If you want to just dig a little deeper, it is enough to understand that Truffle is a pure Java library that allows language interpreters to use the GraalVM compiler as a just-in-time compiler for the target language. This is done through annotated methods and of course the Truffle Java API. By having access to Truffle, a Ruby application, for example, can run on the same JVM as a Java application. Also, a host JVM-based language and a guest language can directly interoperate with each other and pass data back and forth in the same memory space. If you want to implement your own languages on top of GraalVM, you should consider reading more about Truffle here.

In order to provide foreign polyglot values in the languages implemented within Truffle, the so-called polyglot interoperability protocol has been developed. This interoperability protocol consists of a set of standardized messages that every language implements and uses for foreign polyglot values. The protocol allows GraalVM to support interoperability between any combination of languages without requiring them to know of each other.

I will use the term “host language” for the language from which a polyglot context is initialized and “target language” for the language being called from the host. The target language itself can also call other supported languages, thus the whole system becomes poly-polyglot.

Running polyglot applications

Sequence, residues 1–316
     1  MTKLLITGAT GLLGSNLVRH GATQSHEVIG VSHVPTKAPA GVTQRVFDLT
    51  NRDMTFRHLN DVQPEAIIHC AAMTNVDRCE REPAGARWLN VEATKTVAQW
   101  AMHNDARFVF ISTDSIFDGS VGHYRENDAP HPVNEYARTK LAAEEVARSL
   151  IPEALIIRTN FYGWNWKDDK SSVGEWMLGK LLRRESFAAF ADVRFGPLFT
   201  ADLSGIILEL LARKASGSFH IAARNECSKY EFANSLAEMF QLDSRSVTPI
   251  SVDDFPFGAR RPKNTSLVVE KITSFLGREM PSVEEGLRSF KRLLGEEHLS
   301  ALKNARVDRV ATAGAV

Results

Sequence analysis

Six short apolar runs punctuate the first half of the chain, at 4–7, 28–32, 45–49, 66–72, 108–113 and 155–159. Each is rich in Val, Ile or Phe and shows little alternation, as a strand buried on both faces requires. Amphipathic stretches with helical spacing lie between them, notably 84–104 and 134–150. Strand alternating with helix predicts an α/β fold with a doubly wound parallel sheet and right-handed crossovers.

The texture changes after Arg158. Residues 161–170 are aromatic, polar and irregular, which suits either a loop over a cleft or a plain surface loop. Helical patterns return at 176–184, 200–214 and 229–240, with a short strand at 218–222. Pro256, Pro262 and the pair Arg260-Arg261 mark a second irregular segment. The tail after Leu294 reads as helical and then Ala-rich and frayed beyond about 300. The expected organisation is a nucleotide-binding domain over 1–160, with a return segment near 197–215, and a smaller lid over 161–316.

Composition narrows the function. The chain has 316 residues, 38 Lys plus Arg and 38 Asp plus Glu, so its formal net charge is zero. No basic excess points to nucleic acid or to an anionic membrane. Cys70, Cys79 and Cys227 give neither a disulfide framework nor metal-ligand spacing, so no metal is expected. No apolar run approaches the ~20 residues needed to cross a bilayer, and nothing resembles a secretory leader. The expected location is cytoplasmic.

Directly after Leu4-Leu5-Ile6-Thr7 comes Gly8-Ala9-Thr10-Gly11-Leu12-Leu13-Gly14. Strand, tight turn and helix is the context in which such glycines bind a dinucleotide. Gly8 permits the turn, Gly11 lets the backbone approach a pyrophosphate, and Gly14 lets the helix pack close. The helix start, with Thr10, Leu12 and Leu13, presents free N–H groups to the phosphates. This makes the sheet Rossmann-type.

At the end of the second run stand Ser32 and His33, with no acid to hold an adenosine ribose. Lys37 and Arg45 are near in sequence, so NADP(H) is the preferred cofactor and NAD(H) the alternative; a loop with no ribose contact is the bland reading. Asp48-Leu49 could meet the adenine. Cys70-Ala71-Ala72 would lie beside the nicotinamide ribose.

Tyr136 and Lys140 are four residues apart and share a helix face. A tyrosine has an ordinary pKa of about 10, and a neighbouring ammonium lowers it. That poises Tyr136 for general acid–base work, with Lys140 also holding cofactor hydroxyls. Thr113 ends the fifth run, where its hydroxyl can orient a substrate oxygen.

You need to have GraalVM installed. Use the provided downloads for your system or SDKMan! if available.

Additional languages needs to be installed with gu. gu is a GraalVM tool called the GraalVM Component Updater.

My system looks like this:

➜ echo $JAVA_HOME
➜ java --version
openjdk 11.0.7 2020-04-14
OpenJDK Runtime Environment GraalVM CE 20.1.0 (build 11.0.7+10-jvmci-20.1-b02)
OpenJDK 64-Bit Server VM GraalVM CE 20.1.0 (build 11.0.7+10-jvmci-20.1-b02, mixed mode, sharing)
➜ $GRAALVM_HOME/bin/gu list
ComponentId Version Component name Origin
graalvm 20.1.0 GraalVM Core
R 20.1.0 FastR
llvm-toolchain 20.1.0 toolchain
native-image 20.1.0 Native Image
python 20.1.0 Graal.Python
ruby 20.1.0 TruffleRuby

gu must be in the path. Additional languages like JavaScript or Ruby as well as the native-image tool can be installed as follows: gu install ruby or gu install native-image.

Thanks to single-file source-code programs possible with Java 11, the following Java program:

import org.graalvm.polyglot.*;class Polyglot {
public static void main(String[] args) {
Context polyglot = Context.create();
Value result = polyglot.eval("js",
"[10,10,20,2].reduce((a,v) => a +v)");

can be run on GraalVM with java and prints happily 42, executing the embedded JavaScript.

There are native launchers for other host languages. They need to be run with the polyglot options like js --polyglot --jvm in the case of JS when you want to call other target languages than the host language.


The need for doing polyglot programming often boils down to the fact that something is missing in the language you actually want to solve your problem in. For example, a language can be especially good at doing analytics or have superb libraries for doing so, like the R language, but is missing a library to connect to your favorite Graph database.